How Will LIVfectors Be Greeted In The Home Of Golf?
Abandoning Europe and the Ryder Cup could lead to a chillier reception in St Andrews. Plus, a quick weekend recap, Tiger arrives at Adare Manor and a Scottish Open field update.
The Open at St Andrews traditionally has some of the most welcoming galleries in sports. Something magical about the cinematic setting, the beyond-rich history and privilege of walking around town during an Open keeps the mashed potatoheads home.
But I was asked if there was any chance the breakaway bros might receive a rude welcome this year. I gave a definitive, “no way.” The people lucky enough to get a 2022 ticket would not risk ejection because, I reasoned, it’s Scotland! It’s St Andrews! Oh, and the R&A has all of their contact information from the ticket ballot.
It’s tough to imagine some Scot yelling at Bryson to lose the gut or telling Bruce Kopeka to go back to Kansas.
Since I was on a strict No LIV diet this weekend, I had not seen a few stories suggesting less than positive things happening for the LIVfectors. The insincere and grumpy early week press conferences did not exactly help their images. When you put it all in one package, the greatest enemy of LIV may not be Greg Norman or the Saudis, but the players when they speak.
The strange week kicked off with a DP World Tour statement throwing several of their once-beloved former Ryder Cup stars under the bus. Seems the guys were shocked by their recent fine. So the Tour detailed how little the letter-writing whiners have supported the operation.
Then there was Sergio Garcia who, as The Telegraph’s James Corrigan reports, threw a monster hissy fit at the BMW International. Think Tony Montana in full “say hello to my little friend mode.” (Minus the mansion, guns and cocaine.)
“The news [of the ban] came out during last week's BMW International [in Munich]," a leading player, who wished to remain anonymous, told Telegraph Sport. "Sergio flew off the handle, shouting 'this Tour is s***, you're all fucked, should have taken the Saudi money'. Bob MacIntyre was there and was disgusted."
MacIntyre and his management company declined to comment when approached by Telegraph Sport - as did Garcia's representative - but later in that tournament the Scottish golfer posted a tweet. “Amazing how fast you can lose respect for someone that you’ve looked up to all your life,” MacIntyre, 25, wrote.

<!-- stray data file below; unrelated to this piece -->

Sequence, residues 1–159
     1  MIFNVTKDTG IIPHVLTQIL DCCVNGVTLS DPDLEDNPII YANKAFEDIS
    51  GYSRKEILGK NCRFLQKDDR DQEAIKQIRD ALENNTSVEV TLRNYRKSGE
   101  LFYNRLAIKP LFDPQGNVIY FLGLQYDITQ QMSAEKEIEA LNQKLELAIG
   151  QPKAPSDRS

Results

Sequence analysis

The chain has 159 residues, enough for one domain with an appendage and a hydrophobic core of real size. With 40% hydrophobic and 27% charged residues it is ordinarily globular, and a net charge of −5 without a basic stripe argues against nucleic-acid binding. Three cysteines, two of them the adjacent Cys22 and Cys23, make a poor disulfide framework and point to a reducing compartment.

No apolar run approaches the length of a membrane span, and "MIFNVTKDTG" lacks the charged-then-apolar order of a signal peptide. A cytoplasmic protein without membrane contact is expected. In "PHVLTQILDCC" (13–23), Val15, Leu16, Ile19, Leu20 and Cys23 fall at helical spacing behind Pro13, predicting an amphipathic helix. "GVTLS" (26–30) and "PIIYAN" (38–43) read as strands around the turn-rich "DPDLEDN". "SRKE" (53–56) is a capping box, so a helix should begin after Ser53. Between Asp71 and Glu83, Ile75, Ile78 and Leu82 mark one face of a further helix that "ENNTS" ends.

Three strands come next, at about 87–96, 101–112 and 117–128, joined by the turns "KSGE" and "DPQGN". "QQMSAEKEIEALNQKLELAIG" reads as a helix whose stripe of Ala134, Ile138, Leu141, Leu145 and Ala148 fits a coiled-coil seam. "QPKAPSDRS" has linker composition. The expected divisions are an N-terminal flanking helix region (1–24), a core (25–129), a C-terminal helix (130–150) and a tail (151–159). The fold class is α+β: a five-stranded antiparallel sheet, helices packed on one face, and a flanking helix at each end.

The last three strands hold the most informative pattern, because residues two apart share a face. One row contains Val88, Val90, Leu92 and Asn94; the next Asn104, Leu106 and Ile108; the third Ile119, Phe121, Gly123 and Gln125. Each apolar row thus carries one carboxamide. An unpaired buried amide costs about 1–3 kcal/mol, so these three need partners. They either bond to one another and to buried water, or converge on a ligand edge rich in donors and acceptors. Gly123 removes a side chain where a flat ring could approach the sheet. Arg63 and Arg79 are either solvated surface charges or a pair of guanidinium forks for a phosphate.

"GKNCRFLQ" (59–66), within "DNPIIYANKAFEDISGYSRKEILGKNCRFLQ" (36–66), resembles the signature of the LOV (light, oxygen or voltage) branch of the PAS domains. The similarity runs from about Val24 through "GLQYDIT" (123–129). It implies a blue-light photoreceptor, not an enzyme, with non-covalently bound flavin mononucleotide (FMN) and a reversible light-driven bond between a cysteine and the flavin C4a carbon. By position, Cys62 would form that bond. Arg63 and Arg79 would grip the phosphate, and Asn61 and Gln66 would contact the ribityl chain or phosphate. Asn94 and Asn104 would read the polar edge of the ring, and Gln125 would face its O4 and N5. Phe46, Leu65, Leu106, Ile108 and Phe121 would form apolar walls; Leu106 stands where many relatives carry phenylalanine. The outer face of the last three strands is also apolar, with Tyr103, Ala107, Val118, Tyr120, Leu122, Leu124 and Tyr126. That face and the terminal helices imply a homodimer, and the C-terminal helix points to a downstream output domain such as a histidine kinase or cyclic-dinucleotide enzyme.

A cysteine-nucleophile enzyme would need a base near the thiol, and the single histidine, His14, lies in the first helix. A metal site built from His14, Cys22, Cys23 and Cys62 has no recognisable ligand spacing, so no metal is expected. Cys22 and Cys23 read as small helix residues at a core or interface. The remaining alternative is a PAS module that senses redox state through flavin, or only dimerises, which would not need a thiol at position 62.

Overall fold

The ugly incident has been the talk of the range at the Irish Open, that finishes at Mount Juliet in Co Kilkenny on Sunday. There was enough ill-feeling even before the “Sour 16”, as they are now being labelled, sent in their letter to Wentworth HQ, giving an ultimatum for the sanctions to be lifted, a demand to which the DP World Tour has steadfastly refused to cave in.
And to think there were future Ryder Cup captains in the Sour 16.
Another unnamed player has been ostracized from his American club for joining LIV, reports Michael McEwan. While he would not report the player name pending a response from Hudson Swafford’s ten-percenters, it sure sounds like him. If clubs start kicking players out for joining LIV, fans may sense the boys are fair game when walking to the 12th tee.
Paul Casey is hoping to play the 150th Open after pulling out of 2022’s first three majors. The ex-UNICEF ambassador will then join LIV starting at the in New Jersey where the big food-thrower himself is hosting at Trump Bedminster. Or, as Team Crushers captain Bryson DeChambeau called it in a welcome video, Bedminister.
Talor Gooch continued his torrid stretch of stupidity by saying he can’t imagine much difference between LIV’s event atmosphere and a Ryder or Presidents Cup. Barring a major change in policy, he’ll have to keep imagining.
At what point does the money become obnoxious to people? As Branden Grace was picking up $4 million for winning the Portland stop, the final round got just under 700,000 YouTube views, up from 408,645 for the London inaugural but about half of a good French bulldog meltdown (Walter Geoffrey or Griffin are pretty fine examples in the 1.4 million territory). Plus, given the number of Twitter bots now populating everyone’s LIV Tweets, the views could be just about anyone goosing the numbers. Either way, media and fans do not like bots. Or lavishly rewarding mediocrity.
It remains to be seen whether any of the 300,000 who got an Open ticket were exposed to the LIV players wheeling out family and playing less as key selling points. Hopefully next week’s Open fans had better things to do, but sports desks across the world are reporting huge traffic on LIV-related stories.
Maybe fans will pity the fools knowing that world ranking points aren’t ever coming. For non-major winners, this means LIV players will eventually struggle to qualify (D.J. Piehowski has a solid Tweet thread here explaining how the rules are working against much of a points future for those not already exempt into majors).
There is one other twist related to the 150th: many of those ticket holders are reportedly in for a day or two. Locals and longtime Open attendees were not successful getting tickets. While I’m not expecting a bunch of bros and hooligans to have entered the ballot successfully, a different Open demographic could mean some are less worried about getting ejected. After all, they since they can pop into town and enjoy a pint.
My hunch: fans will take notice of what players say early in the week. And if the LIV contestants are smart—most of them are not—they’ll say all the right things: